Sex and the Citadel is a collection of stories by Shereen El Feki, who spent five years traveling across Egypt and several other Arab countries asking people about sex: “what they do, what they don’t, what they think and why”. Why write about sex? Her choice of subject matter is partly stimulated by how sexual attitudes and behaviours are intimately (pun intended) linked to the regions religions, traditions, cultures, politics and economics. True to her mission to understand sex in Egypt and the Arab region through the stories of its peoples, El Feki also gives some insight to her own story.El Feki was trained as an immunologist and then worked as a health and science journalist at The Economist. Half Egyptian and half Welsh, she is able to be both an insider and an outsider, which seems to have served her well in her research for this book. She also provides much self-reflexivity in the book – especially at the beginning and the end – which provides a clearer picture of how she positions herself as a researcher from the Global North studying the South, as a woman raised in the West (Canada) interacting with Arab women and men of various religious and socio-economic backgrounds. Like the topic of sex, the book is both personal (as seen by her extensive use of quotes from her interviewees and the use of her grandmother’s sayings to preface each chapter) and political (although the book focuses on Egypt, it also includes examples from Morocco, Tunisia, Lebanon, Israel, Saudi Arabia, and so on).
This review provides a brief summary of the book’s chapters, highlighting specific events or personages that I found particularly interesting, before touching on some aspects (both encouraging and downbeat) of the book.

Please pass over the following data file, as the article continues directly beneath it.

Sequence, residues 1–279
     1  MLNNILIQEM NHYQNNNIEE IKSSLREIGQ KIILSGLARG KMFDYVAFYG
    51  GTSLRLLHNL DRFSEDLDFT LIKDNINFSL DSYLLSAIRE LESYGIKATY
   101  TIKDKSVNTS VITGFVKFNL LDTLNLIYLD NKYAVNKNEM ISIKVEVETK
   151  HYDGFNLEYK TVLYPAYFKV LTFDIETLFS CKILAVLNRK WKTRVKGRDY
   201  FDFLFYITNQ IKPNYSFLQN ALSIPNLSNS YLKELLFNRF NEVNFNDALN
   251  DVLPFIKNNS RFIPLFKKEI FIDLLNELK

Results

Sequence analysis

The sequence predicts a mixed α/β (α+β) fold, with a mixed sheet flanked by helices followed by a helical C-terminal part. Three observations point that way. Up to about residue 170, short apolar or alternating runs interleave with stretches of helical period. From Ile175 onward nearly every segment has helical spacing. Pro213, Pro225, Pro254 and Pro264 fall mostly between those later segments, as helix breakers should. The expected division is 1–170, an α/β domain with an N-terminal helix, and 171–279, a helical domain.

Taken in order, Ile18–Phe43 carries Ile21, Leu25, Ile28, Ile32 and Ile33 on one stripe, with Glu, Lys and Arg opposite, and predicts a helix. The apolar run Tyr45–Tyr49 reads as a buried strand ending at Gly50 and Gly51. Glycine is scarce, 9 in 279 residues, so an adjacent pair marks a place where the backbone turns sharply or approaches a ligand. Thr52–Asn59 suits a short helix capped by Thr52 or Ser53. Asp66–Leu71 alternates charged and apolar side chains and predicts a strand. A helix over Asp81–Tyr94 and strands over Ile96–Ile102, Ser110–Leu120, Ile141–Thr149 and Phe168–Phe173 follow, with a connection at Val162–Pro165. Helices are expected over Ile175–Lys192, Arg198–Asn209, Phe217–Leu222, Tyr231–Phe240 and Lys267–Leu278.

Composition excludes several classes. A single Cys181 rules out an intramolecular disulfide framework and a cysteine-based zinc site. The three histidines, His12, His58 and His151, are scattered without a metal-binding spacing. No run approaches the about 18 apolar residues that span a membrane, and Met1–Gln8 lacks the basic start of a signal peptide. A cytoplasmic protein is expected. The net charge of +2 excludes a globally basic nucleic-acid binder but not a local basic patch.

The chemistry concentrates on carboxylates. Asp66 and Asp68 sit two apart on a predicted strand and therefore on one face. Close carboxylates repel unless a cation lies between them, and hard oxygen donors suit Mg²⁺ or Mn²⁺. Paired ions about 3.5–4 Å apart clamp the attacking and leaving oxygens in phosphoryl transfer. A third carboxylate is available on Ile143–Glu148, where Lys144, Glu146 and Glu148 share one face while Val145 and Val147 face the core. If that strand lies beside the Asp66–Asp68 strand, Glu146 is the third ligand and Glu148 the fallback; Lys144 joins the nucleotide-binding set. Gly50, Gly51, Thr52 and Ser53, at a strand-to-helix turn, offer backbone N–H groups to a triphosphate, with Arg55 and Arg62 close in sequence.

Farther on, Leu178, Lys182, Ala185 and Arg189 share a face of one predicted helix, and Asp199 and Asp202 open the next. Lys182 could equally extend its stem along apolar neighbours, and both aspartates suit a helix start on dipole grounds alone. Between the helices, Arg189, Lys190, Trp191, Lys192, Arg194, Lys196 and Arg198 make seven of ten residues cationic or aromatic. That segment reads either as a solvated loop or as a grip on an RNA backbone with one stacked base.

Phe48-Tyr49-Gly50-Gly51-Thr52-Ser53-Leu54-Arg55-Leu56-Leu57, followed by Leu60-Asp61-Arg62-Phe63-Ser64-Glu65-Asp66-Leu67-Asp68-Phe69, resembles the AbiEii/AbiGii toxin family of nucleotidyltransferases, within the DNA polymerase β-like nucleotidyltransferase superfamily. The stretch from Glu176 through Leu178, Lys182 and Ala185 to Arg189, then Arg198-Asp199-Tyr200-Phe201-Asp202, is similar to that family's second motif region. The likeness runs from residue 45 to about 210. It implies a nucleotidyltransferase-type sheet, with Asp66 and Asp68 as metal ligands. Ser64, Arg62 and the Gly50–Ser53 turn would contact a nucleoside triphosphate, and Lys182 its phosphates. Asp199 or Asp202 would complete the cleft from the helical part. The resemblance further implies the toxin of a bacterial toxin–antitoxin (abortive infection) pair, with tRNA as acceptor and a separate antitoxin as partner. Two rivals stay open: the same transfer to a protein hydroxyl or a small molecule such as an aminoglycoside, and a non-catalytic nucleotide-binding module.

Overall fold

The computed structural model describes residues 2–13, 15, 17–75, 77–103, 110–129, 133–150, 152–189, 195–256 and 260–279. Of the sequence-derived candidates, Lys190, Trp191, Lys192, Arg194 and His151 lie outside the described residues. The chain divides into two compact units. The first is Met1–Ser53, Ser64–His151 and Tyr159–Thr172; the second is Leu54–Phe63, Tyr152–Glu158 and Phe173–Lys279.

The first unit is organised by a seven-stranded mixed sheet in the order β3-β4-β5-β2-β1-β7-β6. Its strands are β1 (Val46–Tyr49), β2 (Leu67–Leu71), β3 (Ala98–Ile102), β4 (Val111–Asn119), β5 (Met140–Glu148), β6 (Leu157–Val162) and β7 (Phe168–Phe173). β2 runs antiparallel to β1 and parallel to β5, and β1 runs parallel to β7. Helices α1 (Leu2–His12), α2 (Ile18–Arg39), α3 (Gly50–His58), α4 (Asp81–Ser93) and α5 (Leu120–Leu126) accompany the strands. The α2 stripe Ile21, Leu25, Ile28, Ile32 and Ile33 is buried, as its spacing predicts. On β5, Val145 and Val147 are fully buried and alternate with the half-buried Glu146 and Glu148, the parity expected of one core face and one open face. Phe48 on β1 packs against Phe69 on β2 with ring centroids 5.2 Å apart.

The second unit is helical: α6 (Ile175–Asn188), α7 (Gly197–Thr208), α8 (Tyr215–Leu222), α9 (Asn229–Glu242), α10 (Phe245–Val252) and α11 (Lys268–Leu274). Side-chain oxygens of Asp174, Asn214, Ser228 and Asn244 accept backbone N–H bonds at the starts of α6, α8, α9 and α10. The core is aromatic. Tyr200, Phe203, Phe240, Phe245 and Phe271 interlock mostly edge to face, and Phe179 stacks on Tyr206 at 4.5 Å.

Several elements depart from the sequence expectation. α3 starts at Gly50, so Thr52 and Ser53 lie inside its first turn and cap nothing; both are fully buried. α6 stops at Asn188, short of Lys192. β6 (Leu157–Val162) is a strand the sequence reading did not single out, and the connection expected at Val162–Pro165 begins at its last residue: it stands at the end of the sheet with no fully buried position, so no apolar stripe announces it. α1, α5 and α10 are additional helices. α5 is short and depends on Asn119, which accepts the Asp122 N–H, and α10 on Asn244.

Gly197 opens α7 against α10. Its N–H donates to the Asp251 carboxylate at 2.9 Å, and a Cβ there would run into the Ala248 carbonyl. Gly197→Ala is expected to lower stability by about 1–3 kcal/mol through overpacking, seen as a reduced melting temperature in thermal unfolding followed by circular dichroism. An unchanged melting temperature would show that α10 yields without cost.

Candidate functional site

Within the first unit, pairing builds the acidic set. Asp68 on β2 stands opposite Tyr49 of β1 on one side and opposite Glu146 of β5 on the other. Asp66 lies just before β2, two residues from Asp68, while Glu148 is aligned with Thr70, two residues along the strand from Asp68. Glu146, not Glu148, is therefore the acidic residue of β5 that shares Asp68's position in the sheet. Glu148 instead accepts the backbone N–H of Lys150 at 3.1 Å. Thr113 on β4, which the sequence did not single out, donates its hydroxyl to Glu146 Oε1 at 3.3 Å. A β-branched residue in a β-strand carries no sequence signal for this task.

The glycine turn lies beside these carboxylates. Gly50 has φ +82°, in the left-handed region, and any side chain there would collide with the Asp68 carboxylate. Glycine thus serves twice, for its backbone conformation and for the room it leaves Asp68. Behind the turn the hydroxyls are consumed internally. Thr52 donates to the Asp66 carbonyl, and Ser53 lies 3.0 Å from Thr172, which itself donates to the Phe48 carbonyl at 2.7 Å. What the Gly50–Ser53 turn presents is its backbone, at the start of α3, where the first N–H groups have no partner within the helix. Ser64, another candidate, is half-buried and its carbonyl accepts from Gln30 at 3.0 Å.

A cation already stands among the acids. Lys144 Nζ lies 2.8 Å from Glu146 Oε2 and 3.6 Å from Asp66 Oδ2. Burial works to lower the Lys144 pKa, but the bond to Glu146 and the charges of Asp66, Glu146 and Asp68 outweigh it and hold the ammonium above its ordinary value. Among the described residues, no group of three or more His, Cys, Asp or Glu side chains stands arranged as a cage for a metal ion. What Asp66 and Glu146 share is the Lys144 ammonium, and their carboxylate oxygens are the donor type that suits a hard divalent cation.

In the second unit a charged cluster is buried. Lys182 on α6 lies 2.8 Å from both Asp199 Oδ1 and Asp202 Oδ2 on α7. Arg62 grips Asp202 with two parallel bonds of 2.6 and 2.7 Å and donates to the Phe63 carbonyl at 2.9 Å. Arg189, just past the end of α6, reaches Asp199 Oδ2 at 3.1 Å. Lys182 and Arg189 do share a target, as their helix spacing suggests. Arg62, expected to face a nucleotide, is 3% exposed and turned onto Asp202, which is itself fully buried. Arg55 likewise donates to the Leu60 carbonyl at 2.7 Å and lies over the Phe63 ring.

The first chapter (Shifting Positions) looks at how sexual attitudes have shifted globally over time, through stories from her El Feki’s Welsh mother and her Egyptian friends and research from prominent academics from the Arab world like Abdessamad Dialmy (Morocco) and Abdelwahab Boudhiba (Tunisia).
The title of the second chapter (Desperate Housewives) alludes to the universality of anxiety surrounding various marital issues. It looks at issues such as the singles’ quest for marriage, types of informal (non-state) marriage, sexual activity inside and outside of marriage, male impotence, reproduction, and divorce – featuring interviews with Heba Kotb, the most well-known sex therapist in the Arab world.
The third chapter (Sex and the Single Arab) attempts to make sense of the sex lives of unmarried Egyptian youth, through a hodge-podge of topics such as classical and contemporary courtship (the latter being aided by “technology-assisted flirtation” using the Internet and mobile phones), female genital mutilation (FGM), the value of virginity, moving out without being married, and sexual harassment. This chapter briefly addresses Egypt’s widespread FGM in the context of controlling youthful libido, and interestingly concludes that the clitoris is not usually seen as being an integral part of sexual pleasure for women.
The fourth chapter (Facts of Life) is about sex education, contraception, abortion, and unwed motherhood. The feature on Shababna, an Egyptian telephone helpline for youth to ask about health and sexual issues, could be an best practice example for other Muslim communities to provide much-need sex education for their youth, who are otherwise getting information from films and Internet pornography. Besides the Qatari and Emirati examples of comprehensive sex education aimed at married couples, there are also examples of abortion or support services for unwed mothers.